However, there are signs that the smuggling business is already reacting to Italy's hardline attitude. Libyans know Italy from the colonial days, and vice versa. One of Mogherini's most convincing arguments is the narrative that Italy's secret services already have detailed knowledge about all actors on the Libyan coast, as well as those in neighboring Tunisia and Egypt. Thousands of Italians were working in Libya during the Ghaddafi years; many Libyans have been educated and trained in Italy; thousands of successful migrants have been interviewed by the Italian services and have spoken freely, thinking (often erroneously) their oppressors would be powerless in Europe.

   Also, the migrants themselves are reacting to the strengthening of Frontex and other means to defend Europe. Syrians, Iraqis, Afghans and Egyptians seem aware that the period of relatively easy crossing the Mediterranean from North Africa could be over, and are shifting to Turkey where some Greek islands are close enough to be visible on the horizon. In recent weeks, arrivals from Turkey have multiplied and Greek coastguards are overwhelmed, treating migrants badly, trying to return them to Turkey.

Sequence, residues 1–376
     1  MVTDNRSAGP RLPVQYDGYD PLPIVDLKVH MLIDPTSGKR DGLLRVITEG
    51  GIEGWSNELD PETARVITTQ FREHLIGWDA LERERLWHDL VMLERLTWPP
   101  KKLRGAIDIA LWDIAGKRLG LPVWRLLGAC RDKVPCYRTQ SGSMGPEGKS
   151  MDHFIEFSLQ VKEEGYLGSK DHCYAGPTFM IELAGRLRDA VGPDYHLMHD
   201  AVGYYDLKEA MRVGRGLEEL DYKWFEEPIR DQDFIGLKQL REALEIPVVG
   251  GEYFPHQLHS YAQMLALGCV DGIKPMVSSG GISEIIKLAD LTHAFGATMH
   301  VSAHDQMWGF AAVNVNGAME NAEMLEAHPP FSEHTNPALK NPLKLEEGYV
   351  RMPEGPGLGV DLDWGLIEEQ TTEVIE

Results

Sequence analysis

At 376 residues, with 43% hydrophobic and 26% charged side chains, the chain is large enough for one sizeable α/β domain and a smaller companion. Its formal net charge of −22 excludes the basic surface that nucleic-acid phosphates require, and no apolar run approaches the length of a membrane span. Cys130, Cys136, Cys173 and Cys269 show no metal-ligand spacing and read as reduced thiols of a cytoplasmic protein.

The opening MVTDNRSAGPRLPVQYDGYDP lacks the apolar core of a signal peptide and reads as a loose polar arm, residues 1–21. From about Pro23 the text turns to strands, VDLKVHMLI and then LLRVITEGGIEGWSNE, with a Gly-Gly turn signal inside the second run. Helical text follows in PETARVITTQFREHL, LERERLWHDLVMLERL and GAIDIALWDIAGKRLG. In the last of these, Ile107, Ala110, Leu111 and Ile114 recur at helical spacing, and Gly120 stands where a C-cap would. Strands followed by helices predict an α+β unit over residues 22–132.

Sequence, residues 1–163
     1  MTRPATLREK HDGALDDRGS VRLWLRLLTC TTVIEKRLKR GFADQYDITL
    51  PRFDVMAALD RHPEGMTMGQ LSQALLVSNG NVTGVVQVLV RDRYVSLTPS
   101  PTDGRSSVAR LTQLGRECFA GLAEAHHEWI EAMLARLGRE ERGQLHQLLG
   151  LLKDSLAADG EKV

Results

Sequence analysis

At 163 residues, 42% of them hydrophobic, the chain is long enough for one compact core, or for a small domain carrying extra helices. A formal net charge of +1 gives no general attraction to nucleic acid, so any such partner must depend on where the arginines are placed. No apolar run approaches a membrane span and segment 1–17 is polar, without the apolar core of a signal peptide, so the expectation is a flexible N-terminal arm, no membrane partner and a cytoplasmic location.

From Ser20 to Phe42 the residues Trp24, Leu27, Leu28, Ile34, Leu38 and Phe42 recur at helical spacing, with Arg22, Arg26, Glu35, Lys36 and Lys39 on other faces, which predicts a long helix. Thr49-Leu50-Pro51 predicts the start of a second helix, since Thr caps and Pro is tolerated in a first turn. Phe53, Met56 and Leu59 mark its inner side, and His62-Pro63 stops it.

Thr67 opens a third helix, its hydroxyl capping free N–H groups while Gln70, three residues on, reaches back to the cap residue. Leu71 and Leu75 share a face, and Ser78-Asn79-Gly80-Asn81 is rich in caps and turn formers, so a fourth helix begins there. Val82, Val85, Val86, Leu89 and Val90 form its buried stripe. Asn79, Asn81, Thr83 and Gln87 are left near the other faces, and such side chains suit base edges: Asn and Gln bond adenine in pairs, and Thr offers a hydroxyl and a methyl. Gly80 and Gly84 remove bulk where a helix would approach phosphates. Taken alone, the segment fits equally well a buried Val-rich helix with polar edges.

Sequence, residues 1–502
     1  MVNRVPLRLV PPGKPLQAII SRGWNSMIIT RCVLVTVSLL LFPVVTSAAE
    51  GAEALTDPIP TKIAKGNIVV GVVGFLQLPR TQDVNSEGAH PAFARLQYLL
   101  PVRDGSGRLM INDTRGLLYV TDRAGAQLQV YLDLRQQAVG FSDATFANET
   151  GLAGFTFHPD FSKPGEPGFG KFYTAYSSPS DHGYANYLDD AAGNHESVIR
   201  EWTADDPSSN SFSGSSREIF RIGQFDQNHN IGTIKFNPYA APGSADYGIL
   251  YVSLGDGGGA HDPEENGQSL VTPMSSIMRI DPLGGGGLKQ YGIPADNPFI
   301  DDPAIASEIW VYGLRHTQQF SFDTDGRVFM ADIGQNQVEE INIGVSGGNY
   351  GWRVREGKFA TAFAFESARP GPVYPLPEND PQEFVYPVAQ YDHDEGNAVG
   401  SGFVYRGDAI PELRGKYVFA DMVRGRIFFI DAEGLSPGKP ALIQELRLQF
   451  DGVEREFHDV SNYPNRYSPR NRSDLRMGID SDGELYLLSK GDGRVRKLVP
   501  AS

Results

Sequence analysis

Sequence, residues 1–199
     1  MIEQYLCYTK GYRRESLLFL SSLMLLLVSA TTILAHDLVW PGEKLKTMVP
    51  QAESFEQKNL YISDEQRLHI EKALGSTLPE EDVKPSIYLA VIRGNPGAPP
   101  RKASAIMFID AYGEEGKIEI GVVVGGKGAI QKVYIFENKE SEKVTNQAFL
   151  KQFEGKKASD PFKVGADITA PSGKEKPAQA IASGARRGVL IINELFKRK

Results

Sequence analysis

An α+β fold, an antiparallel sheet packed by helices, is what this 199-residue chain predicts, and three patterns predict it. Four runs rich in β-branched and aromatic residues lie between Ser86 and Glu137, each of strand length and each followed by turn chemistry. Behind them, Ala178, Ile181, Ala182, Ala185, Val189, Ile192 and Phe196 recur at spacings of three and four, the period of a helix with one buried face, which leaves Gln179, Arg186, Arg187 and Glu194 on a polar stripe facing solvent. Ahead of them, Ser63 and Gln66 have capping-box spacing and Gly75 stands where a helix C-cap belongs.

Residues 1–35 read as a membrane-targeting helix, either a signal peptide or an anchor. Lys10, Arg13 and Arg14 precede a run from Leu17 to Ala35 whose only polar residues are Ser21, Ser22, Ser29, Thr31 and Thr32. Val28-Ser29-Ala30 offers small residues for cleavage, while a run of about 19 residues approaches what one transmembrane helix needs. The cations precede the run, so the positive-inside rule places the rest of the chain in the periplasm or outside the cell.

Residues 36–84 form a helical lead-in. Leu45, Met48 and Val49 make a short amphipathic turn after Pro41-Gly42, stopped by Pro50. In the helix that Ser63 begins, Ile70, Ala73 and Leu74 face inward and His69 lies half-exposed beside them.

With the political refugee problem moving toward Greece and Bulgaria, the migrants waiting on the North African coast -- half a million, according to an estimate by the United Nations -- will be dominated by sub-Saharan Africans. With the exception of Eritreans and Sudanese, most of these migrants are economic rather than political refugees and would not be eligible for asylum in Europe. They will be at the center of military operations if Mogherini's plan is approved and implemented.

Ihsan al-Tawil

Update

(Wikileaks press release, 25-5-15)

"EU plan for military intervention against "refugee boats" in Libya and the Mediterranean